Identity

Different? Not really

The two women are as different as chalk and cheese. And I don't mean in terms of skin colour alone. Their appearance distinctly identifies them from two different regions of India - Northeast and South. They speak different languages and cook and eat food vastly different. But they are one - as women, as mothers as sisters in arms. They are united in their strength in the face of adversity. Migration, resettlement and subsistence bring them together in this space. Each is invisible, marginalised and discriminated against - be it colour, caste or communal identity.

The Network of Women

I am Wekoweu Tsuhah (Akole) and I belong to the Chakhesang tribe of Nagaland. I am a women’s rights activist and a development practitioner, an advocate for gender equality, social and environmental justice. While growing up, I experienced fear and rage as I lived through armed conflict, alcoholism, domestic violence, poverty and these shaped the person I am today. I am passionate about working with people, women in particular; but it is only after I started working with a women’s rights organization – NEN, the North-East Network, did I truly realize and recognize these social injustices.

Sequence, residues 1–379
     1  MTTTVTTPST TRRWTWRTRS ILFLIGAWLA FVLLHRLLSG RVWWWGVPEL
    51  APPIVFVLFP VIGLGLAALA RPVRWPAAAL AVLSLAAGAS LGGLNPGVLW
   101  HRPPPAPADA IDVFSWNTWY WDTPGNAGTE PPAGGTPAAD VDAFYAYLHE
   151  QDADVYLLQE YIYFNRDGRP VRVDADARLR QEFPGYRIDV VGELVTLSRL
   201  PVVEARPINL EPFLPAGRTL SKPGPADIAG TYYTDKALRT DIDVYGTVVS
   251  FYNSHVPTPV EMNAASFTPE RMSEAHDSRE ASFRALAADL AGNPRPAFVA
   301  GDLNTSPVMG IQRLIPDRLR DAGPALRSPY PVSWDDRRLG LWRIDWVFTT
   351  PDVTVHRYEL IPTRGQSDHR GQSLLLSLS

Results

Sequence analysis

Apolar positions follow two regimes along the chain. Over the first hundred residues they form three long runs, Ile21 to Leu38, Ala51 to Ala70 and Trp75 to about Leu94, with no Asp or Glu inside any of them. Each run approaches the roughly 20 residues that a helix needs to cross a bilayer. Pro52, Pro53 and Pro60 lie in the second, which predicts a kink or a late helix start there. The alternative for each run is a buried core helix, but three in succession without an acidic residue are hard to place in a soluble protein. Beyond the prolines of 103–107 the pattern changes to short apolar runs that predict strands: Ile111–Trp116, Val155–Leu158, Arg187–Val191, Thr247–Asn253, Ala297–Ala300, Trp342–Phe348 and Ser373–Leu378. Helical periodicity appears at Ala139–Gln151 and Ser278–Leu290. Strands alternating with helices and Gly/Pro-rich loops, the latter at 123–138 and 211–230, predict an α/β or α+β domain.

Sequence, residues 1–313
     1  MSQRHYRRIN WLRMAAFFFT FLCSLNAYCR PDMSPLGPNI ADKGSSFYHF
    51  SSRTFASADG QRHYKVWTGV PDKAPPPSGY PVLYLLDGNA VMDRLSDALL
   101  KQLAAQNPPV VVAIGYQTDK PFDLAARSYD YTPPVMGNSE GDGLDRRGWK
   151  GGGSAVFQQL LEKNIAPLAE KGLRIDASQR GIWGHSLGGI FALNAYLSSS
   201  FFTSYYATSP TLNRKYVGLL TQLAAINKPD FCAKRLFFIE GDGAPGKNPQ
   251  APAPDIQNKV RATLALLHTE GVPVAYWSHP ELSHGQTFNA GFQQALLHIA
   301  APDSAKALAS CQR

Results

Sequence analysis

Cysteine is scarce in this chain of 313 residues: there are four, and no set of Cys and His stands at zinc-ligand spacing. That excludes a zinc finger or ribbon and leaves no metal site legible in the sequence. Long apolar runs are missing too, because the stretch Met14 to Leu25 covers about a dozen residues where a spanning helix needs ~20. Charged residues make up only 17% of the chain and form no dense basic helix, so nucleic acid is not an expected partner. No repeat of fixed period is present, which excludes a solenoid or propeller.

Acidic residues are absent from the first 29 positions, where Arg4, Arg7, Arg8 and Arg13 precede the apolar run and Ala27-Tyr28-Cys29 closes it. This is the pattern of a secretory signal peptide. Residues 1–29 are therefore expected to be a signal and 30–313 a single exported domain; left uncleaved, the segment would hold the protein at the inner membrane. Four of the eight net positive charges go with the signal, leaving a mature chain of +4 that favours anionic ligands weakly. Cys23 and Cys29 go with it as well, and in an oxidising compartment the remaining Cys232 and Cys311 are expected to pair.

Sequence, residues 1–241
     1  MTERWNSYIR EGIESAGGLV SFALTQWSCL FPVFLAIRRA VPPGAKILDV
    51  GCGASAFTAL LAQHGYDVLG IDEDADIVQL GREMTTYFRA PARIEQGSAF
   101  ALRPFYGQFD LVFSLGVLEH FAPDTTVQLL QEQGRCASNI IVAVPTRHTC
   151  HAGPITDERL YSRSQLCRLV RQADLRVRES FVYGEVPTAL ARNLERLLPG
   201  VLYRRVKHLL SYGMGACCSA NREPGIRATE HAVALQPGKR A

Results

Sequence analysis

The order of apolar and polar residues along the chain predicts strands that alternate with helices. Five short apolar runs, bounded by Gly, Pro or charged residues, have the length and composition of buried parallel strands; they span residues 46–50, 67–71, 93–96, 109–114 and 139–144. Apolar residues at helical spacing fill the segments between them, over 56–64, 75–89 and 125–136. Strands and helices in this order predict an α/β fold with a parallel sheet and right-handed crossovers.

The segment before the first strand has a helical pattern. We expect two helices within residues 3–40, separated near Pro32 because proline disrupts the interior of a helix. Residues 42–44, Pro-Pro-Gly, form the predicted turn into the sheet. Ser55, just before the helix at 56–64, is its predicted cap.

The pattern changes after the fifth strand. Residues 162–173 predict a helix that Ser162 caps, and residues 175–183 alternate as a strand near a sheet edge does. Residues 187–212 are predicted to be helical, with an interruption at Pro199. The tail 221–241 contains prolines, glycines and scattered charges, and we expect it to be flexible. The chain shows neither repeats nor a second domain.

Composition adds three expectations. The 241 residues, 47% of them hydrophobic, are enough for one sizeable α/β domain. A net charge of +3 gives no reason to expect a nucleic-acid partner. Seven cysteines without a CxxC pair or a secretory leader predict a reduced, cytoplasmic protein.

Traditional house with bamboo matting in Htan Taw Village

The housing pattern is usually with bamboo matting in Htan Taw Village. The people in Htan Taw village depend mostly on natural products like this kind of bamboo matting for their housing pattern rather than artificial products. On the other hand, in contrast, these kinds of natural products are more perishable than artificial. They have to cope with this problem with their intuition. Some of them apply emulsion paint, oil rust and the substance that drive the insects away on these bamboo mattings to protect the roof from insects and the climate condition.

Bakhri II

Bakhri II
 
The community Bakhri (Granary) at Thuribari, Kokrajhar, is one of the few such Bakhris seen nowadays in Assam. Community Bakhri is representative of a communal living and sharing. Located in an open village space just opposite the Brahma temple, these three small raised mud houses look ordinary but the significance and relevance of them in Thuribari community life is clearly visible from the well-maintained condition of it. 
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